What’s a Farm in 2010?

[imgbelt img=tuttlefarm2.jpg]Farmers are getting older and farms are getting bigger. And an increasing amount of farm products is grown or raised under contract, according to a new report on the American farm.

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Before we get on to the report, a definition. A “farm” here is defined as “any place from which $1,000 or more of agricultural products (crops and livestock) were sold or normally would have been sold” in a year.

A “family farm” is “any farm  where the majority of the business is owned by the operator and individuals related to the operator…including relatives who do not reside in the operator’s household.”

And now, on to the report:

Farms Getting Bigger AND Smaller

After peaking at 6.8 million farms in 1935, the number of U.S. farms fell sharply until the early 1970s.

Falling farm numbers during this period reflect growing productivity in agriculture and increased nonfarm employment opportunities. Growing productivity led to excess capacity in agriculture, farm consolidation, and farm operators’ leaving farming to work in the nonfarm economy. The decline in farm numbers slowed in the 1980s and essentially stopped in the 1990s.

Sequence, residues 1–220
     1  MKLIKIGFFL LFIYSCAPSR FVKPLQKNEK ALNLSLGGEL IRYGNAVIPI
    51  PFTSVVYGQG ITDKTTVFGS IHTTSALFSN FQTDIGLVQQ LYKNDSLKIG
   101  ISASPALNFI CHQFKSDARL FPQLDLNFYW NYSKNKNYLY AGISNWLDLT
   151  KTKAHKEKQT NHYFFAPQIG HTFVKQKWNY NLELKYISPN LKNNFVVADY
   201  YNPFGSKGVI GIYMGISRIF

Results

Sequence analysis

The greater stability in farm numbers, however, masks shifts in the size distribution of farms. For example, though farm numbers stabilized from 1978 to 2007, the number of farms operating fewer than 70 acres increased 12 percentage points, the number of “thousand-acre farms” increased 1 percentage point, and the number of farms in all acreage classes in between decreased.

The shift to farms with more than 1,000 acres is more marked when examined in terms of these operations’ land in farms (up 12 percentage points) or market value of sales (up 15 percentage points). Note that farms do not necessarily own all the land they operate; they can also rent land. For example, a farm operating 1,000 acres could own 500 acres and rent 500 acres, or even own no land at all and rent 1,000 acres.

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